[Hpn] The time has come for a system to protect renters' rights
Morgan W. Brown
Thu, 04 Jan 2001 13:04:56 -0500
Below the forwarded published op-ed, which may be of interest to you and
others whom you know, are related Web site URL's -- FYI:
Wednesday, January 03, 2001
Burlington Free Press
It's My Turn [segment]
The time has come for a system to protect renters' rights
The abrupt condemnation last month of the former Samaritan House in St.
Albans and the rehabilitation of a notorious neighborhood eyesore in
Burlington's Old North End exemplify law enforcement breakdowns.
Vermont officials have made little progress in housing code enforcement
since landlord attorney Stuart Bennett told a reporter in 1989, "It's a bit
of an exaggeration even to call it a system."
In the St. Albans case, the Department of Labor and Industry first cited the
building on Lake Street in 1991 for electrical code violations, unsafe gas
appliances and smoke alarm problems. Three more
inspections in 1992 found various hazards, collectively rated as two on a
hazard scale from one to five. Two years later, a follow-up inspection
raised the hazard rating to a three. Inspections in 1996 and in 1998
continued to rate a three. There were now problems with the fire alarm
Then, early in November, an engineer called in by the assistant state fire
marshal recommended extensive repairs or demolition due to water entry and
rot. Bricks were said to be loosening from the exterior walls. On Nov. 8 the
tenants were given an order to leave by the following Monday.
Despite what looks like reasonable diligence by state officials, six units
of rental housing were lost and six households had their lives turned upside
down on needlessly short notice.
In Burlington, the "Big Red" apartment house sat deteriorating for years,
right beside the Dairy Queen. As the paint peeled and porches collapsed, a
thousand commuters daily must have wondered why the city
could not keep the place better maintained.
The file shows the city wrote the landlords twice in 1991 requesting access
for an inspection, but received no response. In 1995, the Code Enforcement
office referred the property to the city attorney's office for "priority
prosecution." Again, nothing happened, according to the office's file.
Next, in December 1999, an inspector cited the landlords for having an
accumulation of trash in back. While on the premises taking pictures of the
trash, the inspector apparently did not see there were no
handrails on the broken steps, porch supports had rotted out, both the meter
box and the chimney were separating from the building, and the garage roof
had fallen in.
No one noticed until a tenant, fed up with landlords who had ignored her
maintenance requests, stopped paying rent, called the city inspector and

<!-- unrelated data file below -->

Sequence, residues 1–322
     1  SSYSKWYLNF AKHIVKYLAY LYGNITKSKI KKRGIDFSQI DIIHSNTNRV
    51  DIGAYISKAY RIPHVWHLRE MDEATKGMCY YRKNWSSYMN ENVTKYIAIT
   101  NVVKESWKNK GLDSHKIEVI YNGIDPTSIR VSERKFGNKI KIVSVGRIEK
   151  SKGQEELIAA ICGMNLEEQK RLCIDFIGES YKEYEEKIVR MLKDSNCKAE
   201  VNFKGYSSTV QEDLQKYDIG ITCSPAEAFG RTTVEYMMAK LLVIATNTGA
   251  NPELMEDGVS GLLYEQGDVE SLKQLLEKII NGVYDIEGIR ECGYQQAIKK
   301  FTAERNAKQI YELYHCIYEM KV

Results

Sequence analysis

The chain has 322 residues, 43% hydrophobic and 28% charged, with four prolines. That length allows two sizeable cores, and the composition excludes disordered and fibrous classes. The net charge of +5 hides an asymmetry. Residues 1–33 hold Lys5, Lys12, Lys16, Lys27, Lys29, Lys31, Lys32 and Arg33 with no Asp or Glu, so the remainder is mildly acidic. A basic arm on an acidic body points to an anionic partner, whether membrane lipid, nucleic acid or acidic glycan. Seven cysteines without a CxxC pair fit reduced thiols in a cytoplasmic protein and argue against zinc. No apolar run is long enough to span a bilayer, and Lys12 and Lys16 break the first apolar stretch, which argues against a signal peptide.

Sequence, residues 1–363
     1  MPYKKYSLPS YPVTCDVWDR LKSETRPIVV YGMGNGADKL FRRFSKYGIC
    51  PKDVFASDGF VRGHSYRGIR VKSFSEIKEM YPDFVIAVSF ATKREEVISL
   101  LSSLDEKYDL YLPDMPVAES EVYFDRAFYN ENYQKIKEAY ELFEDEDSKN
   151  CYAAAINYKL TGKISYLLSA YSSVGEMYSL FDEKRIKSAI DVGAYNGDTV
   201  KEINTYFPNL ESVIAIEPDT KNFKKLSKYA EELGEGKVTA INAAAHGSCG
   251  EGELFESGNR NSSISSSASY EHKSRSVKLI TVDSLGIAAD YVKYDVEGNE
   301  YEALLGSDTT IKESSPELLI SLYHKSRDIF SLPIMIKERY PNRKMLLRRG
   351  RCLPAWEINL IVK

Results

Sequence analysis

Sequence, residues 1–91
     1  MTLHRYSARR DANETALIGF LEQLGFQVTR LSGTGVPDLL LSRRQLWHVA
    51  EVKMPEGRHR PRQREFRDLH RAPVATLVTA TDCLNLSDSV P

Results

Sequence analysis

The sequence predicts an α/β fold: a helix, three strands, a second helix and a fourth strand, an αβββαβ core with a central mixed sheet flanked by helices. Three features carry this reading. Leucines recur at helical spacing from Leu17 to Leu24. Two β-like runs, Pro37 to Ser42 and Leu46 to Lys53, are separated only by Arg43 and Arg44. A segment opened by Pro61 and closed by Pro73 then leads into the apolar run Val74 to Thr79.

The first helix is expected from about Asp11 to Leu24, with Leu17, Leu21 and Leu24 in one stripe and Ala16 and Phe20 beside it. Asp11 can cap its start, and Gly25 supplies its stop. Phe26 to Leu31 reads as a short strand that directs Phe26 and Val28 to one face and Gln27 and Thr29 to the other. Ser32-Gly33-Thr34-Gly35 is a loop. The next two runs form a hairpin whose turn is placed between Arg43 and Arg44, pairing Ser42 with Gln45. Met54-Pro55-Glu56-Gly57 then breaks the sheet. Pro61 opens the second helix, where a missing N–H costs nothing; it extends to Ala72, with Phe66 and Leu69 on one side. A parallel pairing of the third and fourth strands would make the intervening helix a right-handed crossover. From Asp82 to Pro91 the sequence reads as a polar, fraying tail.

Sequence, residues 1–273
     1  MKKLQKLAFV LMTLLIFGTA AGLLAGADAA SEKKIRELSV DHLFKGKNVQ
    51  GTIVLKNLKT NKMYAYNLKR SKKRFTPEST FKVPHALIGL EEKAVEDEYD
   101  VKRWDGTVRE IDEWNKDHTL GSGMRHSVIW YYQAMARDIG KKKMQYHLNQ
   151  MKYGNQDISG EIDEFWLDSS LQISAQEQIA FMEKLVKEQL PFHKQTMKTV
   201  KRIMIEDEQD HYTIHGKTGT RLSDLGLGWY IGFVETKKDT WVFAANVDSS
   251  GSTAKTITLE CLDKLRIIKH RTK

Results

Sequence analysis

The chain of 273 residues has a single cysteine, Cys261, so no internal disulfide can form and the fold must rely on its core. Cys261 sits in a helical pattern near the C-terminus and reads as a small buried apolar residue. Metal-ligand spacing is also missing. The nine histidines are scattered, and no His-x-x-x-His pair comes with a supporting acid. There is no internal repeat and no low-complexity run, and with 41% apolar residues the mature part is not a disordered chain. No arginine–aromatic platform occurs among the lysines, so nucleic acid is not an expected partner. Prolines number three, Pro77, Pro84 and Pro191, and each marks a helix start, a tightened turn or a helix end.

forced the case into court. Code Enforcement at first said the early
19th-century building might have to be condemned, but in this case help
arrived in time. The other two tenants also took action, and the porches and
plumbing were fixed, wiring is being upgraded, and fire hazards have been
Why should older housing deteriorate, when state resources and Burlington's
rental fees -- now $38 per year per apartment -- are available for
enforcement? Why did Labor and Industry wait two years to reinspect the
deteriorating Samaritan House? Where were the city of St. Albans authorities
all those years? Why is the Burlington Code Enforcement Program
concentrating on enforcing "civility standards"
on behalf of homeowners against renters on Strong Street, when for nine
years they failed even to gain access to inspect a glaring, bright red,
notorious slum property on North Winooski Avenue?
Rental housing code enforcement systems are prone to many modes of failure.
Relying on tenant complaints instead of periodic inspections will never
work. When the vacancy rate is less than 1 percent,
people with too little income are caught between slum landlords and the
Protecting renters and rental housing needs to become a public policy in the
city and in the state. Public health concerns -- fatal fires in Burlington
and its suburbs continue to show why this is a public health issue -- cry
out for better enforcement, and Vermont's "non-system" has reigned too long.
The Legislature has failed to pass statewide code-enforcement legislation
that tenant advocates have offered. It has rejected receivership legislation
that would allow appointment of independent property managers to take over
temporarily from recalcitrant or incompetent landlords, and allow them to
borrow against future rents to make necessary repairs.
Legislation that has passed is often frustrated: Judges hesitate to award
attorney's fees to tenants who prove landlord abuses. Landlords, banks, and
insurers continue to profit from residential rentals, but there is no system
to protect the public health.
Burlington once had an affirmative program for making the city hospitable to
renters. Those days are gone. Statewide, it's never been much of an issue.
Tenants need to become organized and active. It's
long past time for some changes.
Stephen Norman of Burlington is a staff attorney at Vermont Legal Aid who
---End of forwarded published opinion---
**In accordance with Title 17 U.S.C. section 107, this
material is distributed without charge or profit to
those who have expressed a prior interest in receiving
this type of information for non-profit research and
educational purposes only.**
~~~Related Web site URL's -- FYI:
Vermont Legal Aid (VLA):
Vermont Tenant's, Inc.:
"Renting in Vermont":
-- The Handbook for Tenants, Landlords, and Others
Vermont Landlord Tenant Statues:
Vermont Statutes Online:
-------End of forward-------
Morgan W. Brown
Montpelier Vermont USA
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